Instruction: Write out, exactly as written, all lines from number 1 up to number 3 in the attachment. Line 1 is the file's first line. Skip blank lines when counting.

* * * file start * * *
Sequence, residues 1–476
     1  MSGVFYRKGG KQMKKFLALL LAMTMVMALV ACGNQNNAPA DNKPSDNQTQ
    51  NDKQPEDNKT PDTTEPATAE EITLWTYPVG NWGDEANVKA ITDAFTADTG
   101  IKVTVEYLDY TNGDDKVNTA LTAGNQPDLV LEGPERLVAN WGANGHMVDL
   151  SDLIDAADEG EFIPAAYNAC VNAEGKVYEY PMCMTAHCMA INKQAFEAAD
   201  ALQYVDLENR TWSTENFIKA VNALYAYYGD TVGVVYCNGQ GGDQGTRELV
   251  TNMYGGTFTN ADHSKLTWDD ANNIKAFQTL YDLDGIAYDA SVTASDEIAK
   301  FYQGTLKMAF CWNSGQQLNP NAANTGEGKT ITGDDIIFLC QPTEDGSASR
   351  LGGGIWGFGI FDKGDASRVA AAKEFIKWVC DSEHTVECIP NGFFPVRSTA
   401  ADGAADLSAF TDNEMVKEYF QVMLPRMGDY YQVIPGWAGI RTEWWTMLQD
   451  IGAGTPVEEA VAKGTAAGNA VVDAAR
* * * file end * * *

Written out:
Sequence, residues 1–476
     1  MSGVFYRKGG KQMKKFLALL LAMTMVMALV ACGNQNNAPA DNKPSDNQTQ
    51  NDKQPEDNKT PDTTEPATAE EITLWTYPVG NWGDEANVKA ITDAFTADTG